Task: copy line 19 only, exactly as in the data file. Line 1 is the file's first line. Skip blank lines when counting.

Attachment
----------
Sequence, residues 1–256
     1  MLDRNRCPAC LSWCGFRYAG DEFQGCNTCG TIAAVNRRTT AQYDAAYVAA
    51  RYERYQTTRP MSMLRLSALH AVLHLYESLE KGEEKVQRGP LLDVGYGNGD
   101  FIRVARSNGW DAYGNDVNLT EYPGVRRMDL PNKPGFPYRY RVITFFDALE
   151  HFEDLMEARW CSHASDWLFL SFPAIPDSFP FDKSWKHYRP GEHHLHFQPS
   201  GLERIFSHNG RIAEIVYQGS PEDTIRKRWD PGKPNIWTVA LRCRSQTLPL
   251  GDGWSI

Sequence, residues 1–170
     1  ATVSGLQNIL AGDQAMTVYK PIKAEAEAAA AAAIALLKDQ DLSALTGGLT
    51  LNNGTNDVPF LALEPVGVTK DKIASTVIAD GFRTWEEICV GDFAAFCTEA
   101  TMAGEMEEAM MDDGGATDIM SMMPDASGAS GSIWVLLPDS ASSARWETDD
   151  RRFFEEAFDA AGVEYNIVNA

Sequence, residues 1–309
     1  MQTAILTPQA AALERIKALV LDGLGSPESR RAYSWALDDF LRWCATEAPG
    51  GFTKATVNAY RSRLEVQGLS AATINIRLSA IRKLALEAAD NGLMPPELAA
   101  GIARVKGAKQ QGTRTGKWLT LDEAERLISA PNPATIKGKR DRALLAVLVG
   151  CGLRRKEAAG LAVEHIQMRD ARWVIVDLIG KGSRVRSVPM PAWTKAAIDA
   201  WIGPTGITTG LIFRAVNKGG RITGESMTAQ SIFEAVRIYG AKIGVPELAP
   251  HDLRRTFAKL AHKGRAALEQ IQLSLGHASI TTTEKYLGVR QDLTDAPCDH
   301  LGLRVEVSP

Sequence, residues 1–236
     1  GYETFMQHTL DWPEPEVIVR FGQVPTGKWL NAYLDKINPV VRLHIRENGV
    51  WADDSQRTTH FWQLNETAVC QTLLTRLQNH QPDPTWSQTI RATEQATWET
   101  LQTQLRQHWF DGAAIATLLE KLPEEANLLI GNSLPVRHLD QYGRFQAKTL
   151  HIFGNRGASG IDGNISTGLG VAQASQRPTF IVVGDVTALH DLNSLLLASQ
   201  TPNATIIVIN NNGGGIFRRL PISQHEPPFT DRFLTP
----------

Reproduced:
   251  HDLRRTFAKL AHKGRAALEQ IQLSLGHASI TTTEKYLGVR QDLTDAPCDH